It’s become a tradition at this time of the year to look back at the books I’ve read over the past 365 days – some I remember fondly, some I ploughed through just to get it over with, and a very few I DNF’ed because life is just too short (and those ones won’t even be mentioned here at all).
- I challenged myself this year to read 12 classics, and although some of them were great and went by quickly, some were truly a slog and took some time to get through.
- I reread the first two books in a classic fantasy series, and they were doorstoppers! Definitely took me longer than 1 week each.
- I read fewer short stories this year, so the number of quick reads is smaller.
But as I’ve said before, to me it’s not about the number of books read each year, but rather about the enjoyment of it (so my challenge for 2024 will be to read some long-awaited titles on my TBR). For now, let’s have a look at the books that shaped my reading year.
(PS: If any of these books interest you, please consider using my affiliate links. They won’t cost you any extra, but I will get a small commission to fuel my book-reading habit. Thanks!)
Books About Travel
Travel makes my heart sing and I will always be reading some or other book that transports me to somewhere more exotic than my well-worn armchair. When I’m not on the road or dreaming about foreign places, I write about them – my readers will know that my travels is one of the biggest inspirations for the stories I write. I would definitely recommend 100 Countries 5000 Ideas for vicarious adventuring.
Books on Writing and Marketing
Reading The Anatomy of Story was one of my goals for 2023, and I’m glad it was on my to-do list or I might not have read any books about writing this year! I made a conscious decision to read less about writing and write more instead, but I feel like I might pick up some more writing books next year again.
Other Non-Fiction Books
Although I made no rules about reading non-fiction this year, I did read a few books that were quite interesting.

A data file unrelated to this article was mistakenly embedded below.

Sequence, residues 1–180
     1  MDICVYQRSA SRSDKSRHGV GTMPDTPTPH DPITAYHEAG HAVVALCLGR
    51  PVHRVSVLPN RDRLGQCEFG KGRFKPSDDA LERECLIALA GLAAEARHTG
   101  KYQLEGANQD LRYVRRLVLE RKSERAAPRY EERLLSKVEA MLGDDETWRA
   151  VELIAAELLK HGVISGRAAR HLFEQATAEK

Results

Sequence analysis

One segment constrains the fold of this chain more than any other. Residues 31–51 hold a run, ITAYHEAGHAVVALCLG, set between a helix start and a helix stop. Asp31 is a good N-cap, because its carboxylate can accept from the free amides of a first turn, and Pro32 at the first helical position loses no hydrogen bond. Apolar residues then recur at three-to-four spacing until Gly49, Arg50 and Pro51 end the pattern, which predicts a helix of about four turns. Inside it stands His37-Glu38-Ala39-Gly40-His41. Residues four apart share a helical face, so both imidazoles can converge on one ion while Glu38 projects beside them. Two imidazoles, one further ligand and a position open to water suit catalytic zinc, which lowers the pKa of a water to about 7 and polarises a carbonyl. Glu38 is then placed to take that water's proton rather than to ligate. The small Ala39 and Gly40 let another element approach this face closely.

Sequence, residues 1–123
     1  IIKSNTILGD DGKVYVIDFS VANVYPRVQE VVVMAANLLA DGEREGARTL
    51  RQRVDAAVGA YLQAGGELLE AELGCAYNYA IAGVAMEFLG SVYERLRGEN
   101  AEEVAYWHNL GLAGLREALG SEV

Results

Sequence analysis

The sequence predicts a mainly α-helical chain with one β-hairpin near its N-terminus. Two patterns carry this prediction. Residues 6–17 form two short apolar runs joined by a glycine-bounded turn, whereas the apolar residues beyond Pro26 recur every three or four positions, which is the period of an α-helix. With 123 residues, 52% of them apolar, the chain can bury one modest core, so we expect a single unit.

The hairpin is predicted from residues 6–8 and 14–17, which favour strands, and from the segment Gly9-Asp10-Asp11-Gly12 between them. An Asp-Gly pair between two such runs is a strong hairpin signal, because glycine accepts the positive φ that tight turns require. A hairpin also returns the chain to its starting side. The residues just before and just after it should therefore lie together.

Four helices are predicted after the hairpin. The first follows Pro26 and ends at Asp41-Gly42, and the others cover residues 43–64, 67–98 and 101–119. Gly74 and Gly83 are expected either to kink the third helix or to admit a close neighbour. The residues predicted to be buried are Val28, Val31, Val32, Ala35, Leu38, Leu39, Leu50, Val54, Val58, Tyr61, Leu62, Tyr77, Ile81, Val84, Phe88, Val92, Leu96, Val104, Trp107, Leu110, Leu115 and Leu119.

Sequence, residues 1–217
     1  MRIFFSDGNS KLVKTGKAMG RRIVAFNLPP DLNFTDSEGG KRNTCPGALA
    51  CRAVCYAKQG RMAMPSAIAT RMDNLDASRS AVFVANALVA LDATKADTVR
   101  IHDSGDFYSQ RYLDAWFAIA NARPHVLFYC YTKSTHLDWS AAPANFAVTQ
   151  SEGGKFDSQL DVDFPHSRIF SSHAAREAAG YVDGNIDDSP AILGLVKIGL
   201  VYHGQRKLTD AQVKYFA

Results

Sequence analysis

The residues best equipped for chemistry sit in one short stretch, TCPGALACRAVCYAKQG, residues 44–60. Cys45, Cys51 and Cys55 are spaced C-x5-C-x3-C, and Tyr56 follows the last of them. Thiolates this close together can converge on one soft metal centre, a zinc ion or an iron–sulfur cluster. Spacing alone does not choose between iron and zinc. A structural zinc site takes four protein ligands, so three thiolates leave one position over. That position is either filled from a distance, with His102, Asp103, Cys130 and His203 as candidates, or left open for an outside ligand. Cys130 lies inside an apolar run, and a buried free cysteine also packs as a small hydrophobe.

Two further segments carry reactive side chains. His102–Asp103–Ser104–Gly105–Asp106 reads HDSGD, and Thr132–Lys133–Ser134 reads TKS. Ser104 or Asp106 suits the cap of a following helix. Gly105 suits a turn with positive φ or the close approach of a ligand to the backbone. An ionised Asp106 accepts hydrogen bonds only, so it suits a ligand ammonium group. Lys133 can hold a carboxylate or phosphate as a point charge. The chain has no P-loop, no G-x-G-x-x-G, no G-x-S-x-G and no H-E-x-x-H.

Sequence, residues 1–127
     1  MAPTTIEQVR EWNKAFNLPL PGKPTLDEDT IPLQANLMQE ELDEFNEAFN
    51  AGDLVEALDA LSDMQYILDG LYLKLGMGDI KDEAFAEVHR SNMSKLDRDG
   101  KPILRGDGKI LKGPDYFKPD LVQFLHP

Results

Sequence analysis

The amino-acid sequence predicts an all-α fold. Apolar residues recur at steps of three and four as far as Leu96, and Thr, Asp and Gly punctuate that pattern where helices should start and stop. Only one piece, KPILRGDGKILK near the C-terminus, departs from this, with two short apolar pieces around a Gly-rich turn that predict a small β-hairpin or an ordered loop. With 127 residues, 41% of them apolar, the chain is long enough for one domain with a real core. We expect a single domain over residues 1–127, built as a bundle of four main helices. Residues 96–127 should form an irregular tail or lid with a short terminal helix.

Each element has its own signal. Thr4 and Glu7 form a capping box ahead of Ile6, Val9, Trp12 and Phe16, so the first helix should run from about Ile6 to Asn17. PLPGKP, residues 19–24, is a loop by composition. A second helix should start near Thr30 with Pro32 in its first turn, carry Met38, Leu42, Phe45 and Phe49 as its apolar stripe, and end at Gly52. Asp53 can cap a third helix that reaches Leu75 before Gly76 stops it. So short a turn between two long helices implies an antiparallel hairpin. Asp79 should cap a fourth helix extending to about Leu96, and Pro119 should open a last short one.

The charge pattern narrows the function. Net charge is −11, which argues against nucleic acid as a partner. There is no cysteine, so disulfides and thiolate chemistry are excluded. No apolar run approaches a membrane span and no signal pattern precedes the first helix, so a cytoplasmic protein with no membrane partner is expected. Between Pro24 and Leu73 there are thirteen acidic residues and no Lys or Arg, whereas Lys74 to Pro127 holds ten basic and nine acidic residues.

Nikita Gill’s Great Goddesses wasn’t great for me as a poetry collection, but I loved her reimagining of the Greek gods in the modern world. I’ve had a healthy fear of orcas since I saw a documentary of them jumping onto land to grab seals, so Of Orcas and Men has languished on my TBR shelf for many years while I scraped up the courage to read it – and I’m so glad I did! This book taught me so much about these magnificent apex predators and I now wish to see them for myself in the wild one day.
This year’s challenge was to read 12 classic books (my definition of a classic is a book that’s well-known and older than I am), and I managed to read 13. I really struggled to get through Dante’s Inferno (I think the translation had a lot to do with that) and I don’t know why people are still reading The Art of War. King Lear and The Lord of the Flies were rereads which I didn’t like back then and still don’t like now. But both Dracula and Frankenstein were pleasant surprises, and I absolutely adored The Secret Garden. And of course, I couldn’t resist adding some more Daphne du Maurier to my list – Jamaica Inn was good, but Rebecca was fantastic.
Books that were Okay
Most of the books in this category were okay, but some were downright disappointing. Others might disagree, but after the fantastic Ninth House, Hell Bent was a huge let-down to me. Similarly, while the first book in the duology was great, In the Serpent’s Wake just didn’t do it for me. Fortunately, “good” is subjective, so you just might love some of the book I’ve listed here.
Books that I Liked
All of the stories in this section come highly recommended. Shoutout to the wonderful JR Rainville and her Skyrim-inspired debut, Sneakthief, as well as Jo Macgregor’s immensely entertaining supernatural sleuth Garnet in The First Time I Knocked. I was also pleasantly surprised by how much I enjoyed the Jack Hansard series.
Books that I Loved
The books in this category were phenomenal and I think everyone should read them. From the wonderful Tess of the Road, the hilarious Miss Percy’s Pocket Guide to the Care and Feeding of British Dragons and the delightful Emily Wilde’s Encyclopedia of Faeries, to the intricate tapestry that is The Queens of Innis Lear, they were all magnificent.
Book of the year goes to the heartbreaking A Thousand Ships, a feminist retelling of the Trojan War as seen through the eyes of the female characters. Beautiful, evocative, and thought-provoking – go read it!
Have you read any of these books? What did you think of them? What was your favourite book of 2023? Do you have any recommendations for books I should read in 2024?